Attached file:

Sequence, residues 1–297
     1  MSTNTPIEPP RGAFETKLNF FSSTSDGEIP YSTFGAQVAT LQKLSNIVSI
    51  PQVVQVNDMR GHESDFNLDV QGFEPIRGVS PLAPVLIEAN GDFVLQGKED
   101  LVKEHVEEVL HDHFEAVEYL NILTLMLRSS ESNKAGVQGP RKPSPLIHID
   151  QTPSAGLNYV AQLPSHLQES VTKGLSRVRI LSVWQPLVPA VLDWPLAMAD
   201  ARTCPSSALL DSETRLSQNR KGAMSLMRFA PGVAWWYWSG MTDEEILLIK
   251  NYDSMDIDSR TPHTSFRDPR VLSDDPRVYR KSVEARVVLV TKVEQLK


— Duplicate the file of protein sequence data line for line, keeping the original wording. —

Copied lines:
Sequence, residues 1–297
     1  MSTNTPIEPP RGAFETKLNF FSSTSDGEIP YSTFGAQVAT LQKLSNIVSI
    51  PQVVQVNDMR GHESDFNLDV QGFEPIRGVS PLAPVLIEAN GDFVLQGKED
   101  LVKEHVEEVL HDHFEAVEYL NILTLMLRSS ESNKAGVQGP RKPSPLIHID
   151  QTPSAGLNYV AQLPSHLQES VTKGLSRVRI LSVWQPLVPA VLDWPLAMAD
   201  ARTCPSSALL DSETRLSQNR KGAMSLMRFA PGVAWWYWSG MTDEEILLIK
   251  NYDSMDIDSR TPHTSFRDPR VLSDDPRVYR KSVEARVVLV TKVEQLK